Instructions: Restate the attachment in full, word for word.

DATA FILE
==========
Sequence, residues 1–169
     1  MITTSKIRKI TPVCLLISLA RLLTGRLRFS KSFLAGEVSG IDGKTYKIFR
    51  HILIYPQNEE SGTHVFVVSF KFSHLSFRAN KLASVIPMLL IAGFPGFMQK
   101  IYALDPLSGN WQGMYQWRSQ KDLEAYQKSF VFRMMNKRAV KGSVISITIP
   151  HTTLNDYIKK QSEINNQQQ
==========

Sequence, residues 1–169
     1  MITTSKIRKI TPVCLLISLA RLLTGRLRFS KSFLAGEVSG IDGKTYKIFR
    51  HILIYPQNEE SGTHVFVVSF KFSHLSFRAN KLASVIPMLL IAGFPGFMQK
   101  IYALDPLSGN WQGMYQWRSQ KDLEAYQKSF VFRMMNKRAV KGSVISITIP
   151  HTTLNDYIKK QSEINNQQQ